Electronics Repair (sci.electronics.repair) Discussion of repairing electronic equipment. Topics include requests for assistance, where to obtain servicing information and parts, techniques for diagnosis and repair, and annecdotes about success, failures and problems.

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BoborAnn
 
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Default Help INfo on W-353 BAttery

While servicing a Simpson 1699 precision millivolt meter I found an Eveready
W-353 BAttery.Its a 1.5 volt Battery that's about 1 1/4 X 2 1/4X 4 inches
I 've searched the web and cannot find any mention of it which has me
curious as to why such a devise would be used versus a standard D cell in
this unit . The other battery in the device is a standard 9 volt battery.
Would appreciate any info on where to buy this device and any particular
characteristics that would preclude simply using a D Cell
Thanks in Advance
Bob


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NSM
 
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"BoborAnn" wrote in message
...
While servicing a Simpson 1699 precision millivolt meter I found an

Eveready
W-353 BAttery.


Google: "A" (filament) battery, 1.5 volts - Listed as Neda Number 11,
Eveready W353

Its a 1.5 volt Battery that's about 1 1/4 X 2 1/4X 4 inches
I 've searched the web and cannot find any mention of it which has me
curious as to why such a devise would be used versus a standard D cell in
this unit . The other battery in the device is a standard 9 volt battery.
Would appreciate any info on where to buy this device and any particular
characteristics that would preclude simply using a D Cell


Use a D cell if it fits and works. There used to be more radio battery types
and shapes than you can imagine - now there are 4 basic ones. It's a PITA
but that's life.

N




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Dave Plowman (News)
 
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Default

In article AIhxe.73520$wr.20560@clgrps12,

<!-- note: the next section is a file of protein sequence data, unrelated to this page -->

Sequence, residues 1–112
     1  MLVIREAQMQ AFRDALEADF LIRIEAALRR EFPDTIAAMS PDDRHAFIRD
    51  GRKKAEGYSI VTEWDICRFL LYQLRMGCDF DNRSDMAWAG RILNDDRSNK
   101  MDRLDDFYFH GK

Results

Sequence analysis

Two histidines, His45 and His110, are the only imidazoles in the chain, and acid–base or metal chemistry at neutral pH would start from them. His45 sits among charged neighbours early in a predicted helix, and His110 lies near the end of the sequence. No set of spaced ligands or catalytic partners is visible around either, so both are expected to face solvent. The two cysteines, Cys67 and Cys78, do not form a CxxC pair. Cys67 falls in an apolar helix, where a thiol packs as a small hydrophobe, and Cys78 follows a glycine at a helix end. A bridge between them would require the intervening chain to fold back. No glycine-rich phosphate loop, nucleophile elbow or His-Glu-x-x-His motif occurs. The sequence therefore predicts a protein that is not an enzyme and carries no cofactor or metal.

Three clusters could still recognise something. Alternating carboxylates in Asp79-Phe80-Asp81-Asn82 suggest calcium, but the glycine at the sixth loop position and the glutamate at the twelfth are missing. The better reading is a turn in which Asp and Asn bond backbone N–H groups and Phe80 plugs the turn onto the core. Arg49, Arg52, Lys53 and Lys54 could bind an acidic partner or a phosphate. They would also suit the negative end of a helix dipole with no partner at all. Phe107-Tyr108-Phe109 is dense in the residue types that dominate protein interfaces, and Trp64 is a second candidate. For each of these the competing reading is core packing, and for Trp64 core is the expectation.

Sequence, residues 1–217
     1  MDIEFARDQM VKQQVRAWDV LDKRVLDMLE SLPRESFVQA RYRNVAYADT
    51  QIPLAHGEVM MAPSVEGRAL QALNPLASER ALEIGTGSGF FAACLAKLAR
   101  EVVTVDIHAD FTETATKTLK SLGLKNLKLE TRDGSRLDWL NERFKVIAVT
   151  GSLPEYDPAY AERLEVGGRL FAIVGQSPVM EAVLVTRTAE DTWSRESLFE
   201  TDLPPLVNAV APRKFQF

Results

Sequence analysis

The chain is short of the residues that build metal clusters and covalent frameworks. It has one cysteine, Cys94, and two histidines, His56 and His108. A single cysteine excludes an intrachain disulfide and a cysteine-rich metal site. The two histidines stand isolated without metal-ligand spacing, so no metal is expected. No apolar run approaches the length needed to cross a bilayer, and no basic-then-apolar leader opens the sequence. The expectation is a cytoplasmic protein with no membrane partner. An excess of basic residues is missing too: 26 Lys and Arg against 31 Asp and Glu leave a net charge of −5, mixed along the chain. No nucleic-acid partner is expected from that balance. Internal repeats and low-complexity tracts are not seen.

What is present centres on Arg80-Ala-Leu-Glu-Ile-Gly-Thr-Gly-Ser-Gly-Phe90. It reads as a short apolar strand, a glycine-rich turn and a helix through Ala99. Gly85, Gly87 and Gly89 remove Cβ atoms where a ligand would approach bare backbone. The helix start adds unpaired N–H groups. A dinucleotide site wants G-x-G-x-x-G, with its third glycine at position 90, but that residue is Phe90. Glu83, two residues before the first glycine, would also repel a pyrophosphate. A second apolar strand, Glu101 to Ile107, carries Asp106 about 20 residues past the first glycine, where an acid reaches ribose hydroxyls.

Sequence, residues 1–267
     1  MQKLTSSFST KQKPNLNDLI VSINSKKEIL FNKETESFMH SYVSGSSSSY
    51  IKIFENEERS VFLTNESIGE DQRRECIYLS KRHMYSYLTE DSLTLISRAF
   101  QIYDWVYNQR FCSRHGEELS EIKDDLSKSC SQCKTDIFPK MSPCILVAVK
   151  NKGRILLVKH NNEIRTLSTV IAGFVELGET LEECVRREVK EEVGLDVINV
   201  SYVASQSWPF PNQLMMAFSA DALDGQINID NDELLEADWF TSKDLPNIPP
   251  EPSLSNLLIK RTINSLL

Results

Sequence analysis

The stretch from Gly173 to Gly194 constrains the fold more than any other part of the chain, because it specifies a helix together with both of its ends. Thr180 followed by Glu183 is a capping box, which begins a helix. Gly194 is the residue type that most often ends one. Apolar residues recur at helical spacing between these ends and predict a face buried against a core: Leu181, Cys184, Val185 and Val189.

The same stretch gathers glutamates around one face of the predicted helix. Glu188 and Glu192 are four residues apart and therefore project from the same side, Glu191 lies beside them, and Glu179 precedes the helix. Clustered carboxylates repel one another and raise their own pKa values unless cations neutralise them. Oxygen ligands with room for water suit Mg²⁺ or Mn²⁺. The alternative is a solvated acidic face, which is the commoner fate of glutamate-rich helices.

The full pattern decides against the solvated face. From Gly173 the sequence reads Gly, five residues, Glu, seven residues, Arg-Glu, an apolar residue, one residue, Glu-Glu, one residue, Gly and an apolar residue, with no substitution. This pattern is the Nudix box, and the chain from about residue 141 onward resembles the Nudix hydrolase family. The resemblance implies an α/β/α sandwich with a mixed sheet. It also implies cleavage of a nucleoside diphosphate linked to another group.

NSM wrote:
Use a D cell if it fits and works. There used to be more radio battery
types and shapes than you can imagine - now there are 4 basic ones. It's
a PITA but that's life.


I sometimes wondered if meter makers in the old days used unusual 1.5 volt
cells to stop them being pinched for other uses. Because most old meters
were large enough to take a standard cell. And although as you say there
were many types, say 50 years ago, the most common were still AA and D, in
the UK, at least.

I have an old but good Taylor analogue meter - still useful where you
really don't want a high impedance device. The 15 volt battery is still
available, but not the 1.5. Which was IIRC, an HP11. Looking through the
cats, as you do, and checking dimensions, I discovered an ancient design
of hand lamp or cycle lamp 4.5v battery (with brass contact 'leaves')
which was the same height and thickness. So stripped one out and sure
enough inside were three HP11 sized cells. ;-)

--
*A nest isn't empty until all their stuff is out of the attic

Dave Plowman London SW
To e-mail, change noise into sound.
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NSM
 
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"Dave Plowman (News)" wrote in message
...

I sometimes wondered if meter makers in the old days used unusual 1.5 volt
cells to stop them being pinched for other uses. Because most old meters
were large enough to take a standard cell.


The batteries were readily available back then.

And although as you say there
were many types, say 50 years ago, the most common were still AA and D, in
the UK, at least.


We had a couple more for flashlights (torches) in NZ not including the
various packs, some with voltage taps. And then there were many types for
transistor radios, tube radios, telephones and photographic gear amongst
others. Almost all gone now. I have a neat RLC bridge which takes a weird
Euro 3 volt cell. I am running it on 2 N cells and a bunch of coins (to make
them fit).

I have an old but good Taylor analogue meter - still useful where you
really don't want a high impedance device. The 15 volt battery is still
available, but not the 1.5. Which was IIRC, an HP11. Looking through the
cats, as you do, and checking dimensions, I discovered an ancient design
of hand lamp or cycle lamp 4.5v battery (with brass contact 'leaves')
which was the same height and thickness. So stripped one out and sure
enough inside were three HP11 sized cells. ;-)


Yep. Times gone by.

N


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